Beyond that, the underlying driver behind CCA is the simple fact that the value proposition of hosted has not been clear enough to gain mainstream adoption. One way to do this is banding together and creating critical mass among operators who have been successfully offering these services, albeit on a regional, and relatively small scale. Cloud is a hot topic right now, but to date, the focus has mostly been on computing or data, and not communications. As such, there are two messages to get across here for enterprises – first, hosted is right for their business, and second, cloud is right now for communications.
Collectively, the eight members of CCA are doing $100 million in business and serve over 110,000 end users. This gives them enough scale to make cloud communications viable for both large and small businesses anywhere in the U.S. None of these operators can claim that reach individually, but by federating on a common platform they create an interesting model with lots of new possibilities.
The CCA vision is much more than just scale. By embracing the cloud as the mechanism for delivering a full range of communications services, their goal is create something new, namely a national HD network. This isn’t about an amped-up hosted VoIP service – all CCA members are fully hosted, so there’s no legacy to accommodate. The concept is about having a consistent cloud standard among all members so they can provide carrier-grade QoS across the country.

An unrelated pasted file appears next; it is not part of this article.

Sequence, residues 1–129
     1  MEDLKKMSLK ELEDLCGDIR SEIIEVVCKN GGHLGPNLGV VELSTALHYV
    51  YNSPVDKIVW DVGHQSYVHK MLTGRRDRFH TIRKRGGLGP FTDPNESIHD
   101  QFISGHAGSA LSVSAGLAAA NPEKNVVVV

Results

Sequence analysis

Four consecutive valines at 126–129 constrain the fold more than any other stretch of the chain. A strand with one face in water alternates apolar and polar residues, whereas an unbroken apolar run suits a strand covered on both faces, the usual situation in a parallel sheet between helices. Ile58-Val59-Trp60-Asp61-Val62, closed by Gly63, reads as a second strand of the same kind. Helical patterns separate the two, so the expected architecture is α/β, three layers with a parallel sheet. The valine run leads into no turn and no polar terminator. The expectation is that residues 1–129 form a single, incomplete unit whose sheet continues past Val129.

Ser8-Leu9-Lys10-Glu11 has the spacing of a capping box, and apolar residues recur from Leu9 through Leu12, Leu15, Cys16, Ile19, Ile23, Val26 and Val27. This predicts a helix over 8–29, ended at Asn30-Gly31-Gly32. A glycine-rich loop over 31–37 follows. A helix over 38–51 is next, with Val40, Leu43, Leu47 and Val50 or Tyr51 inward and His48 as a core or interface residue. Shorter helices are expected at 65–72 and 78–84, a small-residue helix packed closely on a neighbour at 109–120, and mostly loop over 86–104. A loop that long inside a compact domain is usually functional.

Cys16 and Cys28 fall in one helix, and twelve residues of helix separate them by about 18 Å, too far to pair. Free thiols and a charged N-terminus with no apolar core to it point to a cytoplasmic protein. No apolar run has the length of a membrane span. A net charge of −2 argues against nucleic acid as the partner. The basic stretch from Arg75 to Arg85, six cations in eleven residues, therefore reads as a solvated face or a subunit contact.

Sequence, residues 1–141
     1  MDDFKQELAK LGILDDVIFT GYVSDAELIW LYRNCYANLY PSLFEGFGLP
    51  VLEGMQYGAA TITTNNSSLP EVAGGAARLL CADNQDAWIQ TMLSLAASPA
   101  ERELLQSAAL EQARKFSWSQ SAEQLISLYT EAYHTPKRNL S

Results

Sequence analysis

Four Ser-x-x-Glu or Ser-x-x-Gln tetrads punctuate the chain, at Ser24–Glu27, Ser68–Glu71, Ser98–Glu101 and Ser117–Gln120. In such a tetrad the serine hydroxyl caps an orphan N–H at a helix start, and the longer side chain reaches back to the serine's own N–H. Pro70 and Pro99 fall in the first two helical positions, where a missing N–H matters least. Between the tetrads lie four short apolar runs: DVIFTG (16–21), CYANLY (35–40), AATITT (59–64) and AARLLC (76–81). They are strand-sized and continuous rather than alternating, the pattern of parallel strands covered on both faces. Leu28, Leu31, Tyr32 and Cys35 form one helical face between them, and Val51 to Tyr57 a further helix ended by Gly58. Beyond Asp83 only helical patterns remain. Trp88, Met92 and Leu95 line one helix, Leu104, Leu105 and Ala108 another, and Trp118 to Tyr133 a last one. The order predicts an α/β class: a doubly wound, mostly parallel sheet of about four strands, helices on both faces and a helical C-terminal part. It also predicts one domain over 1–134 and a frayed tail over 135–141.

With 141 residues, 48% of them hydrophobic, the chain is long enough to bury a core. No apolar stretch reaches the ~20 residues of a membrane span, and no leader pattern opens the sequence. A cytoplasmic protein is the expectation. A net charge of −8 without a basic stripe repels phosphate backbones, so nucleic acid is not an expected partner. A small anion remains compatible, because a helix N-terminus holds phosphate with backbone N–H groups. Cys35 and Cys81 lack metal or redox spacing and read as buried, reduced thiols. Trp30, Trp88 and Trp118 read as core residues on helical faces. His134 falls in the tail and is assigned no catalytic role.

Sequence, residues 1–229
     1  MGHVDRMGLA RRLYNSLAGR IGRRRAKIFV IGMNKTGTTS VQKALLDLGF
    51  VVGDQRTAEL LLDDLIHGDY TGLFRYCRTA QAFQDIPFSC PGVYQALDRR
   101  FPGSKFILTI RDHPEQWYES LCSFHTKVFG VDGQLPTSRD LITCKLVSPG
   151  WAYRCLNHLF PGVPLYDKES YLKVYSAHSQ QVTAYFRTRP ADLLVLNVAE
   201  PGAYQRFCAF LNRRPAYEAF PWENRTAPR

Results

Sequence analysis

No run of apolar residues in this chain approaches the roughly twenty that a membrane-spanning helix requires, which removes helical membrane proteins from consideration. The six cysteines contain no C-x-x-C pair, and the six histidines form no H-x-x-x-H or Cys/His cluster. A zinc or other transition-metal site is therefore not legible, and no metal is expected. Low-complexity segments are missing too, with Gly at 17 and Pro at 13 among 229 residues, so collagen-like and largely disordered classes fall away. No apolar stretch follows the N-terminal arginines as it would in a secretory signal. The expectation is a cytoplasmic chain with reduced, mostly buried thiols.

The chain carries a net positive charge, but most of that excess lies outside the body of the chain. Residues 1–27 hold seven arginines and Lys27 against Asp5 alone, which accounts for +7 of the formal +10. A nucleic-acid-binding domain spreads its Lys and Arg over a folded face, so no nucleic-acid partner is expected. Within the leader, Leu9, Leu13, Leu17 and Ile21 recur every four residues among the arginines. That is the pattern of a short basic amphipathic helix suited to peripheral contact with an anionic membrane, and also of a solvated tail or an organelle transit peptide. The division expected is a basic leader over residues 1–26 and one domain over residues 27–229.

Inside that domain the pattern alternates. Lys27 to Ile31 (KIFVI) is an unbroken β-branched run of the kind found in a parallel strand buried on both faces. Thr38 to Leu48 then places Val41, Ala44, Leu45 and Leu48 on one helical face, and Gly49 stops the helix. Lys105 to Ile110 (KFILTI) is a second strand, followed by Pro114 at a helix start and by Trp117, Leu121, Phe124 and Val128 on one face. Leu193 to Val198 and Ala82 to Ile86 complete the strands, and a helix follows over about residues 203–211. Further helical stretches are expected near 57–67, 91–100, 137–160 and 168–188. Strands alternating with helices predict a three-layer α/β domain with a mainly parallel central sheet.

With that QoS in place, they’ll be able to offer APIs to support third party developers and offer a common SLA anywhere in the network. Developers will be further supported by a sandbox environment where business customers can download new applications that work seamlessly with their existing tools. To make adoption easier on the voice side, they’ll be endpoint agnostic, and support the major IP phone vendors such as Cisco and Polycom.